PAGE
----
Brother, Can You Spare a Nickel?

This Nickel-Plated Fuller & Johnson Really Shines!

| August 2005

Jerome Then of St. Cloud, Minn., gets lots of chuckles and a few scratched heads when he points out the "over-restored" sign by his 1926 1-1/2 HP Fuller & Johnson Model NB gas engine when he displays it. It doesn't require a closer look at the gas engine to know what he means: The entire engine is nickel-plated.

A Little History

Retired 78-year-old Jerome got interested in gas engines because he grew up with them on the farm. "We had a couple of Fairbanks-Morse engines we used, one for milking and another for water and other chores around the farm." He remembers when he was 7 years old, it was his job to go out in the evening and shut the engine off after it had pumped enough water to cool the milk from the cows.

When he began nearing retirement, he started attending a variety of threshing shows, and that's where he started buying engines. He'd added several dozen to his collection before he found the Fuller & Johnson. "I chose that engine first because of the make, because it had two cute 16-inch flywheels, and because it had a cast iron subbase. It was an attractive engine, and I thought it would be a good engine on which to do the nickel plating."

He might have thought about chrome plating the engine, but he'd tried that once before with a 1/2-scale John Deere 1-1/2 HP engine he'd bought as a kit and put together. When he took it to have it chromed, his contact said they could chrome everything except the engine block because the chrome didn't take or didn't work out in some way. "They were able to chrome the flywheels and base, but the engine block had to be nickeled. Nickel also tolerates heat better than chrome. If you look at the engine, you can barely notice the difference between the chrome and the nickel."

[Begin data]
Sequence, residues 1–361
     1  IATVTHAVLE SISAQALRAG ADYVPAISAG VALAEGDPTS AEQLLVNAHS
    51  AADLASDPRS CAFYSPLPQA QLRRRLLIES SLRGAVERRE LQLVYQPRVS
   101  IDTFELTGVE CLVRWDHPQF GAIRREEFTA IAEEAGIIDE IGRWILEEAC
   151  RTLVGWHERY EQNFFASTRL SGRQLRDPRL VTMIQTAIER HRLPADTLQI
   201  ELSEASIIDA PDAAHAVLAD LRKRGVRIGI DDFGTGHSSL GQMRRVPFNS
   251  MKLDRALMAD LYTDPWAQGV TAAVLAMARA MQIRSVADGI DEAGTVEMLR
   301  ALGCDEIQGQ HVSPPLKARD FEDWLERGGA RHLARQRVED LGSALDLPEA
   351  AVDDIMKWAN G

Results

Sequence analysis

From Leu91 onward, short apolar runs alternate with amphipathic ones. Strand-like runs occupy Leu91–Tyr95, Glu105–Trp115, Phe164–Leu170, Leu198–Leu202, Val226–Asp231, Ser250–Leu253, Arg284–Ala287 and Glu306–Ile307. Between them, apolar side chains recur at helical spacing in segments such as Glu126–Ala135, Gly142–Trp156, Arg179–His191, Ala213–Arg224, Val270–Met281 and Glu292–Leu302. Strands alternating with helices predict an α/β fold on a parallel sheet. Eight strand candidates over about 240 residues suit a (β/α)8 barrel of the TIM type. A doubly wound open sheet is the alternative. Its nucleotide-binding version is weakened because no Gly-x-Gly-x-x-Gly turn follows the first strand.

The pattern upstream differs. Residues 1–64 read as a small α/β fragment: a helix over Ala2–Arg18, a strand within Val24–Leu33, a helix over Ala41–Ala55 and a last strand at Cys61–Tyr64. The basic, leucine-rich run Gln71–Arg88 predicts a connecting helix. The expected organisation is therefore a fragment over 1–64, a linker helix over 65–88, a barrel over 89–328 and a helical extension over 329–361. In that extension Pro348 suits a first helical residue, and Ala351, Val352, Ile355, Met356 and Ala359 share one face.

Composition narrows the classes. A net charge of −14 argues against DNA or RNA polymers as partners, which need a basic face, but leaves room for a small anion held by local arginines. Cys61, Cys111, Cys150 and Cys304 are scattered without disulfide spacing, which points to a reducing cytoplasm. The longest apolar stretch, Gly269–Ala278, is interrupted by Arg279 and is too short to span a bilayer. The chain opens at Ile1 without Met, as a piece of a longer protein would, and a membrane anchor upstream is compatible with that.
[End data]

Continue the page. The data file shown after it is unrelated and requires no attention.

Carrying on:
He plated the engine because he discovered that every time he took a wrench to a painted nut or bolt, paint would flake off. But if it was chromed or nickeled, it wouldn't. His next step was the thought of plating an entire, full-sized engine.

That led to Jerome's choice for the Fuller & Johnson NB engine he spotted at an auction in southwest Minnesota during the spring of 2004. "The owner passed away," Jerome says, "and the family sold off some of his collection. When I saw the Fuller & Johnson, I wanted it because it's not as common as the International Harvester Ms or John Deeres and some of those, but it was rather collectible. You don't see a lot of the little NBs."


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